Today, I thought I would mention the latest action by a sane government, lest you think they’re all mad…
Japan recently withdrew its national recommendation to vaccinate young girls against human papillomavirus (HPV)–a very common virus with strains linked to both genital warts and cervical cancer.
The reason? Mounting public concerns over the shot’s adverse effects.
Let’s keep in mind this is the same country that banned Nutrasweet because of health concerns–and one of the first countries to use Stevia in food products. It may be among the few places in the world where the health of the population is more important than the health of big companies’ bottom line.
So I hope officials here at home are paying attention. Because the current position on HPV vaccination in this country couldn’t be more divergent.
In fact, just last month, they pushed for an increase in vaccination rates among teen girls, in response to a recent study supporting its “high” effectiveness. This, despite plenty of unanswered questions.
For example, even if the HPV vaccine’s effectiveness is high, do we really know how many of these girls would have gotten cancer without it? How do we compare those figures?
And does this mean we are never going to see another case of cervical cancer? How do we know if this vaccine even reduces cervical cancer rates along with HPV? And if it does, at what cost?
Only time and research will give us that information. But in typical American “let’s make more money for Big Pharma” fashion, here comes another barbaric premature recommendation. One that could be causing significant harm to this country’s children.
Meanwhile in Japan, the Ministry of Health, Labor, and Welfare won’t be suspending vaccination. They’re simply urging local governments not to promote its use, while they continue to investigate adverse effects–like long-term pain and numbness–further.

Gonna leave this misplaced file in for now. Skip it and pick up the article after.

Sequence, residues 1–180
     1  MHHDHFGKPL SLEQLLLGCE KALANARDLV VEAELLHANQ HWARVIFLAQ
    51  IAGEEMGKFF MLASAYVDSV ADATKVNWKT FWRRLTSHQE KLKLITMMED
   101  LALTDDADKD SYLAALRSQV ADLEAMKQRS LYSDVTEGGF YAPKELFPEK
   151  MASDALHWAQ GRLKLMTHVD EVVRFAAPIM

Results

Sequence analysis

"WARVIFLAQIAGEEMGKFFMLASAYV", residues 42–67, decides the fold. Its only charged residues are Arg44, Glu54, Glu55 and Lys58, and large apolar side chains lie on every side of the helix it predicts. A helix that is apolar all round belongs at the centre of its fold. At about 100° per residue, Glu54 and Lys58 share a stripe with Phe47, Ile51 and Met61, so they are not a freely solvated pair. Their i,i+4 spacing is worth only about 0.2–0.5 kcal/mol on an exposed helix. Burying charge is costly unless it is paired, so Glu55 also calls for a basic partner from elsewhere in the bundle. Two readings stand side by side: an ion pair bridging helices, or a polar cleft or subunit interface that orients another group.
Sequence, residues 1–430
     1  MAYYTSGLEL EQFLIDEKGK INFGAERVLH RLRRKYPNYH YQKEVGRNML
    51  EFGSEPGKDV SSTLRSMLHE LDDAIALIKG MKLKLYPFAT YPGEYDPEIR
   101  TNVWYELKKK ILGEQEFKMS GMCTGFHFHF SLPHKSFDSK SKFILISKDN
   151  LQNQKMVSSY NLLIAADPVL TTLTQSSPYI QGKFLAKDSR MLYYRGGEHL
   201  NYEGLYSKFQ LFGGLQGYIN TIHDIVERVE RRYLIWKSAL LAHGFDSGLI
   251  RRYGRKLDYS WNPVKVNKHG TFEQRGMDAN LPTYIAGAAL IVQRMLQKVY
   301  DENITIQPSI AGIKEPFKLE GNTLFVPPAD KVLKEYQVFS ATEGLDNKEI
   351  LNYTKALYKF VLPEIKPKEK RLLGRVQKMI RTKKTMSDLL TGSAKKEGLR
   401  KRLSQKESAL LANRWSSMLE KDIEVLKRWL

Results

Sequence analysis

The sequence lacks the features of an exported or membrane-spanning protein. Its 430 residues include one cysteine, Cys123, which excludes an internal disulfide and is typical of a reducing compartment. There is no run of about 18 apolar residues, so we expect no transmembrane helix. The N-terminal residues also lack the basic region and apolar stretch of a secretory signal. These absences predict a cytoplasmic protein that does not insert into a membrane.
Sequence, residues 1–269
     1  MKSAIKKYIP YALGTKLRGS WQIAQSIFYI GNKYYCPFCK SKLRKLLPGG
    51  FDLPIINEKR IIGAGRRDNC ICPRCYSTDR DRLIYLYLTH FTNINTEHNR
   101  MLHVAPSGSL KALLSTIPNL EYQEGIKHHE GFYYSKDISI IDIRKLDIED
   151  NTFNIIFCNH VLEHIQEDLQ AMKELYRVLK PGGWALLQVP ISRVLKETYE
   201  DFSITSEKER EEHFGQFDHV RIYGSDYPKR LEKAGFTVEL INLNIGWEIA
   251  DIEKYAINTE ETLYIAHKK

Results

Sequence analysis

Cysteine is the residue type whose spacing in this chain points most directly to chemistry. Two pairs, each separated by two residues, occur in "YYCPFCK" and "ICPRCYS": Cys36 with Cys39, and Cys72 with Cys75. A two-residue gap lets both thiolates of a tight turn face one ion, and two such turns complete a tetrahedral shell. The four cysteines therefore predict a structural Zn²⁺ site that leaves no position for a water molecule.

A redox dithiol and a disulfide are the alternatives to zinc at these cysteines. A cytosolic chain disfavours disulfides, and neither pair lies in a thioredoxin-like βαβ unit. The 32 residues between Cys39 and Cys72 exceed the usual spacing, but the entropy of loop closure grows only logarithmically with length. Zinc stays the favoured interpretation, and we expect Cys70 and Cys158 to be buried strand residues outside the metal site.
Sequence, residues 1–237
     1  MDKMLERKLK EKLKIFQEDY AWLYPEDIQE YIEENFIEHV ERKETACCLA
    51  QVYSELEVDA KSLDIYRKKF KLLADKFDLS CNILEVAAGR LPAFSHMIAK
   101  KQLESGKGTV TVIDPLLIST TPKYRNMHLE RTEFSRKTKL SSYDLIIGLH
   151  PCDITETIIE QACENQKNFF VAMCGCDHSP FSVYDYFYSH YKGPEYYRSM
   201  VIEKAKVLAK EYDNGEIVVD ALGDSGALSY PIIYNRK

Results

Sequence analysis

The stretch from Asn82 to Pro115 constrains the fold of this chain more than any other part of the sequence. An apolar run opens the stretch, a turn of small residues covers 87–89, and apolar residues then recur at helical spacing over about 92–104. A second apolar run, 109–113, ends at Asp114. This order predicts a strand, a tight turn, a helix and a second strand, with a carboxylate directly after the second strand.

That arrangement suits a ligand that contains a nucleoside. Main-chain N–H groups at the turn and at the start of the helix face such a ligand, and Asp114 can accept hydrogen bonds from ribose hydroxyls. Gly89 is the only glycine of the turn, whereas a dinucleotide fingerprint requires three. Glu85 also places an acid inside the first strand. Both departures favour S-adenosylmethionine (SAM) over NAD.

And of course, Merck–a manufacturer of Gardasil, one of the main HPV vaccines–had to weigh in on the issue. Their comment on the decision:
“While direct causal relationship between the vaccines and serious symptoms observed after inoculation has not been established at this time, we fully understand the anxiety felt by many people in Japan. In response to this decision, we will continue to collaborate with all stakeholders, including (the health ministry), to monitor and verify safety data toward resumption of active promotion for HPV vaccination as soon as possible.”
So let’s get this straight. They understand the anxiety, so they’ll verify safety data… in order to resume vaccine promotion, of course.
Honestly. How’s that for a load of rubbish and double speak? Nothing you wouldn’t expect–but we’re talking about children’s lives here.
As I’ve said time and time again, I’m not against vaccination in principle. But, this vaccine has been out less than a decade. And we have yet to see its full side effect profile.
In fact, when we first started administering Gardasil, there were plenty of side effects reported. Now, somehow, there are none.
Something’s wrong with this picture. So the American public should be concerned about it. And if we’re loud enough, maybe the government will actually start to listen.
Japan Withdraws HPV Vaccine Recommendation for Girls. Medscape. Jun 25, 2013.